I confess, writing microscopically is a term I believe I made up in my early days of teaching writing classes. Apparently I thought I was a modern day, female Shakespeare, creating words on a whim, but I felt like this term would communicate for itself.
I now know one thing: writing microscopically will work to improve your skills as a writer.
Observing an object close up and reporting what you see in great detail will help you no matter what genre you are working in. This technique will help you to see objects you have been living alongside in a new way.
I use this practice as a warm-up or to center myself when my brain doesn’t want to work alongside my fingers on the keyboard.
How is it done?
- Pick any object in front of you, extremely ordinary is best. I have had students use waste paper baskets and water bottles and those items have brought about writing a-ha’s. Don’t judge whatever seems to want to be written.
- Set a timer (one on your phone, in the kitchen or on your computer) for anywhere from one to five minutes and look very closely at that object. Describe what you are seeing. Note what you see precisely: first with very objective terms and then, if you have a longer time set on your timer, go more deeply into metaphor or allow your pencil to just float off, stream of consciousness style.
- Write in your notebook about the object from the time the timer starts until it goes off. Don’t question what you write, simply see it and write it.
Would you like some examples?
Peanut: The peanut was in its original form at first. Its shell, about a half an inch long, looked dry, crackly. I noticed it had easily chipped and seemed to be asking to be broken apart. I could hear the nut inside the shell when I held it in my hand. “Open me,” the nut begged as I shook it.
I opened the shell and two tiny nuts tumbled out. They almost appeared to be smiling, gratefully, to finally be laid bare and splintered upon the checked plastic tablecloth resting upon the formica bar room table, cracked like the peanut was only moments ago.
Drops of Water: The grey formica tabletop was covered with droplets from the paper fast food cup. Well, they were not covered exactly though there were remnants yes remnants from the cup . Each droplet sat at bored inattention. They were like a junior high math class at the end of the day. I watched and the drops slowly became less beadlike as gravity spread them off-center-out-of-center and becoming a smooshy globby glob all together on the table, morphing suddenly into a water-egg, waiting to be cracked and made into something useful.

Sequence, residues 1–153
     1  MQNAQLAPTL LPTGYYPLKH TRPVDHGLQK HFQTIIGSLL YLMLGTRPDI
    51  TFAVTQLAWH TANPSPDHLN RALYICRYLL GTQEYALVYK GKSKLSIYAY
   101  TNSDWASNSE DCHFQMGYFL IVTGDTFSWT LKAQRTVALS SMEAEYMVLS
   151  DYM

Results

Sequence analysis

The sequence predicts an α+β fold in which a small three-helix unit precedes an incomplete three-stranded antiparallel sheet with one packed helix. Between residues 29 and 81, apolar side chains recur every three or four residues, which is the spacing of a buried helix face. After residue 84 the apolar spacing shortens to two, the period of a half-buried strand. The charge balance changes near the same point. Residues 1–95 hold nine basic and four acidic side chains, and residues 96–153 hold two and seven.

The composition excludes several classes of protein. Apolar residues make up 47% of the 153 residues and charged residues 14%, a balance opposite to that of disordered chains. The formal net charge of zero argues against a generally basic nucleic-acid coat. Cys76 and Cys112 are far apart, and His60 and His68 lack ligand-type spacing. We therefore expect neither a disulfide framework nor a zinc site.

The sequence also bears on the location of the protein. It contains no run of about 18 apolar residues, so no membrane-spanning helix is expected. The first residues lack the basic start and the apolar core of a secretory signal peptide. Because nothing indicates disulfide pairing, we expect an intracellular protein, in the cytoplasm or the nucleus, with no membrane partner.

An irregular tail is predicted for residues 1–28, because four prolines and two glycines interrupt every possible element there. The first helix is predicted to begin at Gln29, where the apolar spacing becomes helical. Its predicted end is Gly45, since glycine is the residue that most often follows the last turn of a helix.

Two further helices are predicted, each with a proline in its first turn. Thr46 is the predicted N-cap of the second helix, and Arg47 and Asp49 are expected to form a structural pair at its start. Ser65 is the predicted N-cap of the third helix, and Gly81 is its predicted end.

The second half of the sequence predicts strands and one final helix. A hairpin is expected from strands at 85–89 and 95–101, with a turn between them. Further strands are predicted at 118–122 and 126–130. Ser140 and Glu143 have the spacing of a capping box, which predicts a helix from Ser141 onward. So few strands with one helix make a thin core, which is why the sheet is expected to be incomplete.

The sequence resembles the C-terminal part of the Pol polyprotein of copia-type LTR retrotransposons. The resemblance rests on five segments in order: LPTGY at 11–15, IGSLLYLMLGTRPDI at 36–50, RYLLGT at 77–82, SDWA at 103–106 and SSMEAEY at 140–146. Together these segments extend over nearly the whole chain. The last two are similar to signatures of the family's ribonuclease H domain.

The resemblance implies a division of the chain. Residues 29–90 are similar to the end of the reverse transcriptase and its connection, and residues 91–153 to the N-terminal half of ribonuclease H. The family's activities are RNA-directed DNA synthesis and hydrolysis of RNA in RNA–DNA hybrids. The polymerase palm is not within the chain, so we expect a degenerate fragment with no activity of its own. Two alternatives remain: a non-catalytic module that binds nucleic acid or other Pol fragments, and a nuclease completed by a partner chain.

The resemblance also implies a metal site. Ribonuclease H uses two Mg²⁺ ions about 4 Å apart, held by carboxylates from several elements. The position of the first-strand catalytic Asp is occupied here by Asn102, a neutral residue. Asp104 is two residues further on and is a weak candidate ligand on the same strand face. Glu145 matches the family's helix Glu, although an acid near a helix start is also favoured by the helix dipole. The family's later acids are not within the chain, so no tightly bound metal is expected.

Eyeglasses: The eyeglasses are the color of eggplant and rest on the yellow legal pad as if they were haphazardly dropped there. They had no case, they leaned against the scribbled legal pad as if they were passing the time at a coffee house, waiting for something interesting to happen. No eyes needed them, I suppose, as they sat with the wire visible when one looks through the unworn frames. The outside of the frames, sort of in the style of several years ago when Sarah Palin was running for Vice President, had at one time had rhinestones on them or some sort of fashion statement which had transformed into what looked like the head of a bunch of tiny nails from a tiny hammer held by a tiny construction worker. Apparently neither the glasses nor the nails were of much use anymore.
Are you ready to give it a try?
Pick an object, any old object and now.... write....
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© 2013 by Julie Jordan Scott
This is my ninth post (of 31!) for the January Ultimate Blog Challenge. Watch here for challenge posts which will include Writing Prompts, Writing Tips and General Life Tips and Essays.